The Department of Homeland Security (DHS) recently published a Final Rule [pdf] in the Federal Register revising its regulations affecting highly‑skilled workers in the nonimmigrant classifications for specialty occupation from Chile, Singapore (H–1B1), and Australia (E–3) and the immigrant classification for employment-based first preference (EB–1) outstanding professors and researchers. The Rule will also make changes for the nonimmigrant workers in the Commonwealth of the Northern Mariana Islands (CNMI)-Only Transitional Worker (CW–1) classification.
The new rule will bring the H-1B1, E-3, and CW-1 visas in line with other work visas by providing an additional 240 days of automatic work authorization beyond the expiration date of their Form I-94 arrival record, when a timely US Citizenship and Immigration Services (USCIS) petition to extend status is filed by the employer. The rule will also make a technical change to the regulations by codifying the long-standing practice reflecting that H-1B1s, principal E-3s and CW-1s are authorized to work with a specific employer incident to their nonimmigrant status. In other words, they can work for their employer as soon as they arrive in the US or obtain such nonimmigrant status without requesting a separate work authorization document. These fixes have been a long-time coming given that the visa categories were initially negotiated by treaty and passed into law in 2003, 2005 and 2008, respectively.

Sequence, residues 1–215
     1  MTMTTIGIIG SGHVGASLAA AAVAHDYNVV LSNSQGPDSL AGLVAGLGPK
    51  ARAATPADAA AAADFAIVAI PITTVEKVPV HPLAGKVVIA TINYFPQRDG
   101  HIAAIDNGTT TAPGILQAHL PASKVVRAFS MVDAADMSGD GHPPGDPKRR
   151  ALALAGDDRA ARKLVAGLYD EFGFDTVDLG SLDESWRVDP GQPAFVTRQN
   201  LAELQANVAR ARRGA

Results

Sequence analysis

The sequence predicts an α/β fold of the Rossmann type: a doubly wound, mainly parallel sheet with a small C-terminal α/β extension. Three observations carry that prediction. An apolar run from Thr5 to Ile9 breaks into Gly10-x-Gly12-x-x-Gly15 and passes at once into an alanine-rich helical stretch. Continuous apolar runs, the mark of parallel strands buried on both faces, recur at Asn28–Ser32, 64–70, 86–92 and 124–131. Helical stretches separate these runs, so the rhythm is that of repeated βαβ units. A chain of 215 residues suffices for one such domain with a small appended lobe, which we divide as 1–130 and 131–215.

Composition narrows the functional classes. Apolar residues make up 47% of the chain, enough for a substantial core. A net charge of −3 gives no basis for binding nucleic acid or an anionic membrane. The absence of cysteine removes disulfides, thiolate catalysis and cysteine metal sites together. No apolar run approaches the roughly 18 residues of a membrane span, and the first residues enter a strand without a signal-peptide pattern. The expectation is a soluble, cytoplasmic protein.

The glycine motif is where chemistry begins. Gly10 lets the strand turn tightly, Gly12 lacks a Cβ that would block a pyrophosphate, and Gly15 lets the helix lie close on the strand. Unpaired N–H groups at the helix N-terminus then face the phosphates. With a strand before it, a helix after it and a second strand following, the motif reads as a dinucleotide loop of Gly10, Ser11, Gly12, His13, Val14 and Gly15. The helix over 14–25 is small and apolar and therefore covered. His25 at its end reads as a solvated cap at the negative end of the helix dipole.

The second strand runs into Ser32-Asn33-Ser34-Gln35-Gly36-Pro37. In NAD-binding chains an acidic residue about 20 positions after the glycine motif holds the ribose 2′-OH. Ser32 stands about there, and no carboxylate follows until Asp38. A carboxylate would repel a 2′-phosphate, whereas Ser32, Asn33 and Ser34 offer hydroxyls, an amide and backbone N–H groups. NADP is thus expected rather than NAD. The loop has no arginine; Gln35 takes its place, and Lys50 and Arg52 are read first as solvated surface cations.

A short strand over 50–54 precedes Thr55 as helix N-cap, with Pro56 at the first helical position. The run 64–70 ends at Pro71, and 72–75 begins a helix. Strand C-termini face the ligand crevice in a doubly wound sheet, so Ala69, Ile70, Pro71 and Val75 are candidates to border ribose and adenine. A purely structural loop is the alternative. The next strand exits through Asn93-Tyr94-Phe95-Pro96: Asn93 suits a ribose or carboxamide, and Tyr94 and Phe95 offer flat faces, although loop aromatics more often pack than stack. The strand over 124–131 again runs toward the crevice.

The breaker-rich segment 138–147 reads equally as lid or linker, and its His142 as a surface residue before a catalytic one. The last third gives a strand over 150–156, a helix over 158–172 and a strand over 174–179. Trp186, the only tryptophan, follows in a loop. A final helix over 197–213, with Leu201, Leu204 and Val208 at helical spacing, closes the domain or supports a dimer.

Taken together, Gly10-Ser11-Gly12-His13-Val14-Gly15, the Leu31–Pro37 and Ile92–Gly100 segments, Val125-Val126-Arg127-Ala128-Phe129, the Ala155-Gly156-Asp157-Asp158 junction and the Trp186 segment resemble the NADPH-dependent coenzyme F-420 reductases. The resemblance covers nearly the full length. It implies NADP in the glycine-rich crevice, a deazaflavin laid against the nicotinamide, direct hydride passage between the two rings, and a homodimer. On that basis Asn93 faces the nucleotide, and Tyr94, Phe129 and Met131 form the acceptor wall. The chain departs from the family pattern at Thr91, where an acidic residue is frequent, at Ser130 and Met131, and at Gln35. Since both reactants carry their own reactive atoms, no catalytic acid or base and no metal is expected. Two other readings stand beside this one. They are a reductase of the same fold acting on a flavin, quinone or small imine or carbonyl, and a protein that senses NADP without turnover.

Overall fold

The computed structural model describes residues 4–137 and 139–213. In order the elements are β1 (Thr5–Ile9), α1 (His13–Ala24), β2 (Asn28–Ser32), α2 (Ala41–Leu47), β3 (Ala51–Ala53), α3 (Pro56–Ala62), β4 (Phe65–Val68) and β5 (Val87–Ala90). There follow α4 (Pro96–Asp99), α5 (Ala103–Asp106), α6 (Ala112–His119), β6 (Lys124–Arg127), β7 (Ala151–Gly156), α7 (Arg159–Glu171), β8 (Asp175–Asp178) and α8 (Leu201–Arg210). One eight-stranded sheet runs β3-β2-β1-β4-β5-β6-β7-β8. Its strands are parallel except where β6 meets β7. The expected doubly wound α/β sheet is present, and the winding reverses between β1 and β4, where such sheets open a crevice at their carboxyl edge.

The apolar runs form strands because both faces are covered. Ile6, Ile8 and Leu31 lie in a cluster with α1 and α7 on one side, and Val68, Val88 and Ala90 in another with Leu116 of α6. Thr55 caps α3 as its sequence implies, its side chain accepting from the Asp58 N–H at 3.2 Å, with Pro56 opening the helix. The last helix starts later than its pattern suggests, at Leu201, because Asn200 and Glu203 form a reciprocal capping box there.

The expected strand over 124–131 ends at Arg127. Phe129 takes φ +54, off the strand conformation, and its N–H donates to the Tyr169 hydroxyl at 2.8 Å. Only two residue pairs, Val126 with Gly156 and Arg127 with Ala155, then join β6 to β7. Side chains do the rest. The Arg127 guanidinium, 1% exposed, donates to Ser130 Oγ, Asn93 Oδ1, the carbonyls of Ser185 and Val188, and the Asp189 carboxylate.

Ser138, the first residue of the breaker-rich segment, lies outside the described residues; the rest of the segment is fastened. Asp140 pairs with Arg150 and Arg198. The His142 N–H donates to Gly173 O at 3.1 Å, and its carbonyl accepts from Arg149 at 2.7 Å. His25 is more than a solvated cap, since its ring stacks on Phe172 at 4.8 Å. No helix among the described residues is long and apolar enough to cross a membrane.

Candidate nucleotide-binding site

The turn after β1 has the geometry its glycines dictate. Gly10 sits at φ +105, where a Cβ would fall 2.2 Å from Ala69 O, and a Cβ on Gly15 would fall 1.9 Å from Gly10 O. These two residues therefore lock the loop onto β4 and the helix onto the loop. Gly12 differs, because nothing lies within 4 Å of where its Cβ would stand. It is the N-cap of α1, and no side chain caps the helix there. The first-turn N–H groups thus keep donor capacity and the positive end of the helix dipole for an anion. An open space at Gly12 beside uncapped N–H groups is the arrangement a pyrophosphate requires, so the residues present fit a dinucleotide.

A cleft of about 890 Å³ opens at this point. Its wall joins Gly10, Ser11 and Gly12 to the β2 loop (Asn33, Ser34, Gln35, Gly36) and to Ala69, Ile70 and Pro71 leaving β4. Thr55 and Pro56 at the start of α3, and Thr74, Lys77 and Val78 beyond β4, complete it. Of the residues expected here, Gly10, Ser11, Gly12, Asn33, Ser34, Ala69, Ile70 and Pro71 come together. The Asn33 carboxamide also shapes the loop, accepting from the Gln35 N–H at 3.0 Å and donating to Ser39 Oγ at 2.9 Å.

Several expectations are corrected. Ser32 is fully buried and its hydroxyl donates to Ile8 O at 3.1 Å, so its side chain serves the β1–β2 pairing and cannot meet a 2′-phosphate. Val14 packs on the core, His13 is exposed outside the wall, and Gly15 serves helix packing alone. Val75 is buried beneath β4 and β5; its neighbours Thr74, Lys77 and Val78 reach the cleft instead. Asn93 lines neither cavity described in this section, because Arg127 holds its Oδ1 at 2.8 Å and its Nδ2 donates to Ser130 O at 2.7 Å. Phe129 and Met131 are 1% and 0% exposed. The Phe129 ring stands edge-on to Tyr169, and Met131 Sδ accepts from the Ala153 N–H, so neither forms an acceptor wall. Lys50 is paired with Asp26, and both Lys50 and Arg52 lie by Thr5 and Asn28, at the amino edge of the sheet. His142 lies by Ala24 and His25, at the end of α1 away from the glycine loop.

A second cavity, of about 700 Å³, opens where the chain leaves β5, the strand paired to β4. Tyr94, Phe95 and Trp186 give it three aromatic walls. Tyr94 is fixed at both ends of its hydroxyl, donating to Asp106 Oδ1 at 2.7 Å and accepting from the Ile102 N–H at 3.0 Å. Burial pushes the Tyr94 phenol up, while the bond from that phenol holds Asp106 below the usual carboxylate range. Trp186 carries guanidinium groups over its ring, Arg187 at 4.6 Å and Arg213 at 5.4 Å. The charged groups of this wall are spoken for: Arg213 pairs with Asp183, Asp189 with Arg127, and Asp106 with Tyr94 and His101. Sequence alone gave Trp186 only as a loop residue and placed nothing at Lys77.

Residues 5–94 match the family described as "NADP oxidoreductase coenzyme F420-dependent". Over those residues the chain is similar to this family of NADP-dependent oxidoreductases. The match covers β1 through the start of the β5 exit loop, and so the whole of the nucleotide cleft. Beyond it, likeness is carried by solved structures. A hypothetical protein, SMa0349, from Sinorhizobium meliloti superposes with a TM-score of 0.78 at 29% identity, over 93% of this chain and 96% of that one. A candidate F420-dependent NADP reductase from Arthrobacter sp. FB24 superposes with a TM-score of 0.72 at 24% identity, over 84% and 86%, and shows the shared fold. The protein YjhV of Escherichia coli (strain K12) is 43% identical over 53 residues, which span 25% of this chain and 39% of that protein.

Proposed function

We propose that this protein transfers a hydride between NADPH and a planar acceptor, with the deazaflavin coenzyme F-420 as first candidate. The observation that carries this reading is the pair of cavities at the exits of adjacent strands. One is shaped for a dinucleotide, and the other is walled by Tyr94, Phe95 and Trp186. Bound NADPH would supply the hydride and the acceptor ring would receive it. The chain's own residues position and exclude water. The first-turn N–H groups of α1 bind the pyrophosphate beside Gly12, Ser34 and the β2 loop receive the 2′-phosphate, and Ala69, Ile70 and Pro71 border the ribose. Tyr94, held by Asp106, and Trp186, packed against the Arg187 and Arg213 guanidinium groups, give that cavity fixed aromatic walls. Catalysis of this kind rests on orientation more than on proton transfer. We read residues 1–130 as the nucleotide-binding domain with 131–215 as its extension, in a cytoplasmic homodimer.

A few questions remain regarding the implementation of this new rule. How will the new rule affect H-1B1, E-3 and CW-1 nonimmigrants with extensions pending when the rule takes effect? Will USCIS add these categories to its Premium Processing Service which provides expedited processing for certain employment-based petitions and applications? We expect (or at least hope) this will happen in the near future.
As a bonus for universities and employers with R&D departments that file immigrant petitions for EB–1 Outstanding Professors and Researchers, DHS is expanding the regulations permitting petitioners to submit “comparable evidence” to the other forms of evidence already listed in the regulations. The comments to the Rule state this “will harmonize the regulations for EB–1 outstanding professors and researchers with certain employment-based immigrant categories that already allow for submission of comparable evidence.” It is expected that this revision of the evidentiary requirements will reduce the burden on petitioning employers to demonstrate that the beneficiary has attained international recognition as outstanding in his or her academic field.
The Rule takes effect on February 16, 2016.